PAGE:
I wish you the best of luck in getting a seat as well as with your business endeavors and if you need any more PC building help just ask 🙂

  2. Hey Brandon I’m gonna buy this build most likely and will this be able to handle games like rainbow six seige and some other light games at 1080p and on high and get high fps like 80fps or so

    1. Hey Nelly,

      It won’t be able to handle R6:Siege on high settings with those kinds of frame rates, it’ll be more like a mixture of medium & high settings at ~60fps, or roughly double what consoles can do. With “temporal filtering” on, you might be more like 70-80fps.

  3. Hey Branton,

    I just built this and i love it. I used to play on a laptop and would get 20 frames on CS:GO and couldn’t run anything now i get 250+ frames on CS and play PUBG. Would you be able to list some upgrades that would help me get more fps that includes processor, motherboard, Graphics Card, and anything else that can be upgraded for better preformance

  4. Hey,

    This will be my first pc that ill build but some of the items don’t ship to where i live. Should i use one of the resellers on amazon?

    1. Hey Pierce,

      If another reseller ships to your location, then definitely use them instead. That being said, there might be a local version of Amazon you could use or another website entirely that might offer better shipping options.

      Hope that helps!

  5. I need to build a pc. Badly. My old laptop can’t handle much of what I want to do, and I really need a powerful and reliable computer, and want to do it right the first time. I added up the current cost of all of these parts on Amazon, and they came to $705, not even counting the operating system. Do you think they’ll come down? Do these things tend to go up and down a lot? What are your thoughts on buying used parts?

    1. Also, the motherboard listed is no longer available except from third-party sellers. Is there another one that is just as good, or should I buy this from a third-party seller on Amazon?

  6. Hey Branton

    So I have the i3 with the 1050 ti and wondering what would be better to upgrade first better frames. Should I get the i7 and stay with the 1050 or stay with the i3 and get the 1070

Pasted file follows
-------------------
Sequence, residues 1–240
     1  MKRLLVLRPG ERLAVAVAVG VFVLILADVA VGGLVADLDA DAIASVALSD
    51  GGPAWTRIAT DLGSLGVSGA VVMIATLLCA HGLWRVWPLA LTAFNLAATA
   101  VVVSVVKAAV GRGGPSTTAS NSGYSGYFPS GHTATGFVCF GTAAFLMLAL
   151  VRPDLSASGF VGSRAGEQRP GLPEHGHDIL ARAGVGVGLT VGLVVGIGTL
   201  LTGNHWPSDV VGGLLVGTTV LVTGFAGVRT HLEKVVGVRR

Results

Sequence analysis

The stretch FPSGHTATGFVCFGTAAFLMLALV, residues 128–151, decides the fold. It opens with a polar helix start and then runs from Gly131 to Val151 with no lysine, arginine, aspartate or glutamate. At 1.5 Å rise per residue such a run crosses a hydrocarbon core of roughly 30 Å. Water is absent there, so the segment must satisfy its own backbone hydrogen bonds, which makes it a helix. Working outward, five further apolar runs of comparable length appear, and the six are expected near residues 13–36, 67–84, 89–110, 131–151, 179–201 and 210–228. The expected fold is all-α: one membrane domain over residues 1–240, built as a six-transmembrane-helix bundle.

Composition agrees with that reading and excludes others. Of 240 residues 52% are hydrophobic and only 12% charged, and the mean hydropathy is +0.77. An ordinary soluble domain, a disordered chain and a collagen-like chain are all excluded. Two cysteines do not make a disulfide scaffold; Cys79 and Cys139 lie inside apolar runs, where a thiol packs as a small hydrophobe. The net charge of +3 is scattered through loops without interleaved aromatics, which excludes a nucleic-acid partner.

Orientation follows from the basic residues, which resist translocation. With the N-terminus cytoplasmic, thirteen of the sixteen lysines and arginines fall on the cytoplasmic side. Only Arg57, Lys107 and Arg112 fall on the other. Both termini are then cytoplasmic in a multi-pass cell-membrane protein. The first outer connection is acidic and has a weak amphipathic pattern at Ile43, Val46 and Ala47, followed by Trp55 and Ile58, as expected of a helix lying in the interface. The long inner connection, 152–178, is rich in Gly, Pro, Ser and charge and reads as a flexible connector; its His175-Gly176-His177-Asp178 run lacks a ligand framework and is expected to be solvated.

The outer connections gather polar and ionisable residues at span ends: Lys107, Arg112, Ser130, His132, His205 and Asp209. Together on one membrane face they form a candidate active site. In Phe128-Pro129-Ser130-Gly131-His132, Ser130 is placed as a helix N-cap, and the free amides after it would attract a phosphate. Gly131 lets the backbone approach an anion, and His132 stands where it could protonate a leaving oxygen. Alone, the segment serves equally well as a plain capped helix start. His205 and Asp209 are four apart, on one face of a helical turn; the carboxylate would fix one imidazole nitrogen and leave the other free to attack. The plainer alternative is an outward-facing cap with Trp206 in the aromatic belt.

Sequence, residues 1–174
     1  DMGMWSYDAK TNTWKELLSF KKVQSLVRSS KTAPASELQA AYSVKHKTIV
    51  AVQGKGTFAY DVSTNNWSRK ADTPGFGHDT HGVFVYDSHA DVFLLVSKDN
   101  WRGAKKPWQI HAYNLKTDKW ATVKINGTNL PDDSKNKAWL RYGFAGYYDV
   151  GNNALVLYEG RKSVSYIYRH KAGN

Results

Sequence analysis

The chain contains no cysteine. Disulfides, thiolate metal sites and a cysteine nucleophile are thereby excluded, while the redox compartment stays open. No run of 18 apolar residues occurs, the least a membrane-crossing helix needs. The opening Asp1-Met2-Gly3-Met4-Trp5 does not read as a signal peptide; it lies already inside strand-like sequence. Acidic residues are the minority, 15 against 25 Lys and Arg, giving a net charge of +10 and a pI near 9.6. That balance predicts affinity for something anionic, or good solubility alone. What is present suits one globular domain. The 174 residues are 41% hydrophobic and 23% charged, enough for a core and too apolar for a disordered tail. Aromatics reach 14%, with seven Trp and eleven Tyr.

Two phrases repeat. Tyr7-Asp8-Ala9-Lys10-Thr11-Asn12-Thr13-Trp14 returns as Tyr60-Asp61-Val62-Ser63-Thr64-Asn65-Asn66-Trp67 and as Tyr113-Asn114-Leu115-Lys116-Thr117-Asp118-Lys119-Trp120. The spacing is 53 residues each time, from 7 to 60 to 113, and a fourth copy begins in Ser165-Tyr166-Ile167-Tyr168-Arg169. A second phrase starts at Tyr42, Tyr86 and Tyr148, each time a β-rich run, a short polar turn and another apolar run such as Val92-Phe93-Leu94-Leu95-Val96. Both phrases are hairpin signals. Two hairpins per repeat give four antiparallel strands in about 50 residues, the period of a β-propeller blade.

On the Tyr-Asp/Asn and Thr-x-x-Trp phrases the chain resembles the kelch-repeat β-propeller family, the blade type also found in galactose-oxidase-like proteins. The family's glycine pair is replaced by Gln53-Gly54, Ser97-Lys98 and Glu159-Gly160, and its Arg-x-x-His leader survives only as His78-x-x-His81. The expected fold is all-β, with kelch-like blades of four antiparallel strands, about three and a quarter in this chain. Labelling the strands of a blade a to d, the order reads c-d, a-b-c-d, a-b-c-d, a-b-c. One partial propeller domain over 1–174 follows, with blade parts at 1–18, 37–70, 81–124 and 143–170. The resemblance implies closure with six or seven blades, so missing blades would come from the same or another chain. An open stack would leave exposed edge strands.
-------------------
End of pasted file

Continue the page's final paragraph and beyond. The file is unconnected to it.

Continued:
7. Really thinking about this build or very similar. I really want to play PUBG – how will this thing run it? What about arma 3 or h1z1, ark, rust? And lastly but not least, wildlands?

  8. Also, I would not want to use wifi but just do direct Ethernet, and would probably use headphones -do I need network and sound cards?

  9. I am a first-time builder who doesn’t know anything about building PCs or how the hardware works. So I want to know if the parts listed here for this build are all i need to build my PC or if I need to purchase any extra wires or connectors. I have watched the video and I don’t know if all the connectors used there to connect components to the motherboard are included when purchasing these components or motherboard or if I need to buy them separately.

    1. Hey Andrew,

      All of the cables, hardware, and everything else you need to assemble the build will come with the various components – I would definitely include a hardware kit or something similar if this wasn’t the case 🙂

      Hope that helps!

    1. Hey David,

      Monitors won’t affect the performance of a PC, but there are definitely good & bad monitors. That one is pretty decent and has great specs; that said, this build won’t be able to push the framerates required to take advantage of its 144Hz refresh rate in many games.

  10. Hey Branton what’s up 😛

    I have very poor pc and i play cs:go for about 2 years on 30-40 fps.In December i want to buy computer which will run the cs:go(if can higher than 100fps on low-medium settings)
    if this pc is good for this what i say previously i will buy him,if you have some other suggestion to add to this or remove to this pc you write me on e mail or here 🙂

  11. hey, this is kind of a complicated question but are there any cheaoer parts i could buy in order to build a pc for playing games like overwatch and dying light at low settings?

    1. Hey Sam,

      It sure will! You might even be able to sneak some high settings in while still maintaining a very playable framerate 🙂